Trostel’s Greenbriar – culinary gunslinger7/3/2019
This place is on my list of top five restaurants in Iowa.
July is America’s month of reckoning with all that is true and constant in our makeup. We celebrate traditions with a bombast of fireworks and pride, returning home to pay respect to roots, friendships and blood. The other 11 months are filled with the slings and arrows of ephemerality. Top 10 lists are updated daily, and fascination is focused on the next new thing. July is the last stronghold in time for the unfashionable graces of life — the things that remain true and constant in our tribal condition. July is for Trostel’s Greenbriar.
When Colorado cowboy Paul Trostel rode into Des Moines in the early 1970s, the city thought appetizers meant a choice of shrimp cocktail, tomato juice or fruit cocktail, that wine choices were simply “red, white or rose,” and that French dressings were all orange and sweet. He changed our restaurant culture by sheer force of personality and imagination at Colorado Feed & Grain and Rosie’s Cantina on Ingersoll and then shocked Des Moines by pulling up stakes and moving cowboy style to the northwest frontier of the metro, the outside edge of Johnston, where he built The Greenbriar, an outlaw appropriation of the name of what is perhaps America’s most famous and patriotically associated 18th century resort — The Greenbrier in West Virginia.
Now known as Trostel’s Greenbriar, this American classic has staked a claim to Johnston’s middle ground. It is a steakhouse that refuses that restrictive label, a place where people come to celebrate the important occasions of their lives — marriages, graduations, birthdays, office parties, funerals and reunions. The restaurant is now three distinctive places: a white tablecloth and linen napkin dining room, a mahogany bar and a shaded patio. In Iowa fashion, there are no dress codes and people feel comfortable no matter what they wear or where they came from.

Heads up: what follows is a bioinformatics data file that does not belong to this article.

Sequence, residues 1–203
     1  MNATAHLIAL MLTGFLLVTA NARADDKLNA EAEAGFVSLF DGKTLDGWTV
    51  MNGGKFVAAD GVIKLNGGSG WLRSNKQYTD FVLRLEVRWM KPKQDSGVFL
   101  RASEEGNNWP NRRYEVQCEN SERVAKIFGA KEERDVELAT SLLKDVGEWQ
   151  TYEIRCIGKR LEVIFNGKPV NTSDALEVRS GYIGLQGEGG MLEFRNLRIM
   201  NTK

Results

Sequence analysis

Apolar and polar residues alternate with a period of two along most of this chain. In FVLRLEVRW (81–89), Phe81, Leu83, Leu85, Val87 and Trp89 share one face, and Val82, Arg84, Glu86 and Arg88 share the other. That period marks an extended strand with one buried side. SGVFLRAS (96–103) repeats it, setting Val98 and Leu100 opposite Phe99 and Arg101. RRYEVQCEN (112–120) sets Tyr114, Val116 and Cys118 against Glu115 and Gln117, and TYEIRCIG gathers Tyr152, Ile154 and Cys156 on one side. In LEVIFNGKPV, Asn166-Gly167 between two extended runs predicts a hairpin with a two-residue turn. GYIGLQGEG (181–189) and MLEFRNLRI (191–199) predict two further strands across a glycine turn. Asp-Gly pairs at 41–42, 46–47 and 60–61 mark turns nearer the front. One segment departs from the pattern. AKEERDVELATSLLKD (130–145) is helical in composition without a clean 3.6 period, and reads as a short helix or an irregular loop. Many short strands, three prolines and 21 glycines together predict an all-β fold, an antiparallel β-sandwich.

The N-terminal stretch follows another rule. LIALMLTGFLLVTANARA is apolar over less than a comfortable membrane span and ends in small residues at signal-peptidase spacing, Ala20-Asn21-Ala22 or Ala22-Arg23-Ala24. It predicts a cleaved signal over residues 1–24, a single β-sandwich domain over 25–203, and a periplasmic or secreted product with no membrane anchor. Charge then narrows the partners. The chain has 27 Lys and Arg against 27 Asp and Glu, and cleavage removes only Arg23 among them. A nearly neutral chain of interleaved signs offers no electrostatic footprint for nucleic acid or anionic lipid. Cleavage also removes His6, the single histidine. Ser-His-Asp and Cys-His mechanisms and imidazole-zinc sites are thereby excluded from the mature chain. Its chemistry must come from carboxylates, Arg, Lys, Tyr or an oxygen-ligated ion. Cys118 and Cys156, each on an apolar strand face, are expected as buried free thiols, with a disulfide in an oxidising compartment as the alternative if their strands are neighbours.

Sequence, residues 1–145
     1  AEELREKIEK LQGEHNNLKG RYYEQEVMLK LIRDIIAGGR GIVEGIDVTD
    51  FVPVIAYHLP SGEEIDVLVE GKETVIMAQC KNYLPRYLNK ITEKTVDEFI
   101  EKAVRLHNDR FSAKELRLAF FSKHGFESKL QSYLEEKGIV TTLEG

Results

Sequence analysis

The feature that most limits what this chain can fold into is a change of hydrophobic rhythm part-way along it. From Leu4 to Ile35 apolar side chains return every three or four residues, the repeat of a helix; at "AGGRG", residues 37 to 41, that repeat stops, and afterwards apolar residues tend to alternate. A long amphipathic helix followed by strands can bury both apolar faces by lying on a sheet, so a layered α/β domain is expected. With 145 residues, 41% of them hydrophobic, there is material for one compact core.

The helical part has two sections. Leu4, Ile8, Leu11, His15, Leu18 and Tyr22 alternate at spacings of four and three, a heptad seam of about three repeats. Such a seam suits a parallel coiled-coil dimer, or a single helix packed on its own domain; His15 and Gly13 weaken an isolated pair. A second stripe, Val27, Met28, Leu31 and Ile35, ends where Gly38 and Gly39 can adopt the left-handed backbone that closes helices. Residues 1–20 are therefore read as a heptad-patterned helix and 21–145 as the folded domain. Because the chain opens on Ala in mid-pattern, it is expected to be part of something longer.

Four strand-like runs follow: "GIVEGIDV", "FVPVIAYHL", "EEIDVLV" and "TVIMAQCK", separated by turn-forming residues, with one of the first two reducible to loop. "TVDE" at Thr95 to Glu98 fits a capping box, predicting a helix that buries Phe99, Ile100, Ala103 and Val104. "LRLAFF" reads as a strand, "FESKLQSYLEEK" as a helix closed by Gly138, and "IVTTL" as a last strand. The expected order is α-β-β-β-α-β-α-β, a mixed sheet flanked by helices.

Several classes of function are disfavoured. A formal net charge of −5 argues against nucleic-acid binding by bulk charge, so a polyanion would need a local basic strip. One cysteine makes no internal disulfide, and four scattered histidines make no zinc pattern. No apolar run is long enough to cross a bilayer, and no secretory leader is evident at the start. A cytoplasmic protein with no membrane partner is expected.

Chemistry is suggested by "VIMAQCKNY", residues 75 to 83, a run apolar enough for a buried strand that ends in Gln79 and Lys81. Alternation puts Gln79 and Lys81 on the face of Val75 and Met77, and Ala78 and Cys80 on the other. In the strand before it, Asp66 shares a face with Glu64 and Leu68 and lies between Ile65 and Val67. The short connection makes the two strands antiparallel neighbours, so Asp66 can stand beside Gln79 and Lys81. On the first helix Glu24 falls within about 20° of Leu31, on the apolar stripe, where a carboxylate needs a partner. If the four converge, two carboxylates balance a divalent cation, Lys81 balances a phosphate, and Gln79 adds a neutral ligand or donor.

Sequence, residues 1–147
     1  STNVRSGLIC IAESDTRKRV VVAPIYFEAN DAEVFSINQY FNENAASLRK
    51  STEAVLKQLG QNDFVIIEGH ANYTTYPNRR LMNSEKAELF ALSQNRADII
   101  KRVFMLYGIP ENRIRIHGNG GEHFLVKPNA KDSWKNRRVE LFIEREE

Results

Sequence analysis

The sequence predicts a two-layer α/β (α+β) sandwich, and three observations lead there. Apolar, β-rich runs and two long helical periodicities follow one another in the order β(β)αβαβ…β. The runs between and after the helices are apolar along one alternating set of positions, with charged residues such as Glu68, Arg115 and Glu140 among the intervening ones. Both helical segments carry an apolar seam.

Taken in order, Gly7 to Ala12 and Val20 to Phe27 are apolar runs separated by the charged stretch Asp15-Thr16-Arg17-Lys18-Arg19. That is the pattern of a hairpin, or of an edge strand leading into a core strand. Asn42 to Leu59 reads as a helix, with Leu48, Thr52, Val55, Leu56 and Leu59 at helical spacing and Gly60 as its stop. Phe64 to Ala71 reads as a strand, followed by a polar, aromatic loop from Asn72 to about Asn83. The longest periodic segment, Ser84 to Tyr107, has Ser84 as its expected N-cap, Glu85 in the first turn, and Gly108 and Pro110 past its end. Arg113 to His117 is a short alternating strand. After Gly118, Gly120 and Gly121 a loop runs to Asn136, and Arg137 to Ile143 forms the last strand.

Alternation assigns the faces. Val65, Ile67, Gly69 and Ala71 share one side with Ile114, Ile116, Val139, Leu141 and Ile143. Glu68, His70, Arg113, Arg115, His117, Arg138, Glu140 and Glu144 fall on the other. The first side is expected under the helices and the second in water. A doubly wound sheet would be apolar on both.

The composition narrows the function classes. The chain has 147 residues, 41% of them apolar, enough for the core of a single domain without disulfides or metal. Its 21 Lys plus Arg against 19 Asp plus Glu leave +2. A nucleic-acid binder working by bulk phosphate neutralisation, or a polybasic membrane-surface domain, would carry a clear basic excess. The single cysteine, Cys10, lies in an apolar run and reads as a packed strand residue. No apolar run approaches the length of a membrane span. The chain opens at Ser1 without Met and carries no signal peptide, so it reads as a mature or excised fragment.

Paul passed away eight years ago after a full life of hosting, rodeo, car racing, demolition derbies, family, friends, gambling and rugby. His portrait, titled “Culinary Gunslinger,” faces the south side of the bar as if the master host is still looking after his guests. When Paul was mentoring the city on the subject of appetizers, he introduced a dish that has become a Des Moines icon — Boursin mushrooms au jus. It remains a star on the appetizer menu that also heralds Havarti shrimp in lemon garlic butter, escargot with puff pastry and, of course, shrimp cocktails.
Paul’s son Troy runs the kitchen and has put his own signature on several things. He was offering an optional addition of all classic European sauces long before the big chain steakhouses thought to do so. His gunpowder rub has become so admired that it’s now sold “to go,” as are his rotisserie roasted whole chickens and thin crusted pizza. In fact, everything is available for carryout and is consistently well packed. Troy’s is the first name I think of when asked about lamb, elk and bison. All are sourced from Iowa producers and are usually available as lunch sandwiches and dinner entrees.
This is my first-choice place for slow-roasted prime rib, which is available with gunpowder or Cajun rubbed crusts, as well as without. It’s almost always generously cut and cooked as ordered. If you like a cut with the “spinalis dorsi” intact, Troy knows what you mean. Recently I also tried a daily special filet dish that rivaled any de Burgo in town. A daily special appetizer delivered delectable shrimp with a superb mango salsa. When we raved about it to Troy, he shrugged his shoulders and said, “It’s just shrimp and salsa.”
When you have been doing something so well for so long, you don’t know how good you are. This place is on my list of top five restaurants in Iowa.
There is weekly free music on the patio each Friday and monthly wine events all summer. ♦
Jim Duncan has been covering the central Iowa food scene for more than two decades.
5810 Merle Hay Road, Johnston, 253-0124
Monday – Friday, 11 a.m. – 2 p.m. and
Monday – Thursday, 5-9 p.m.,
Friday – Saturday, 5-10 p.m.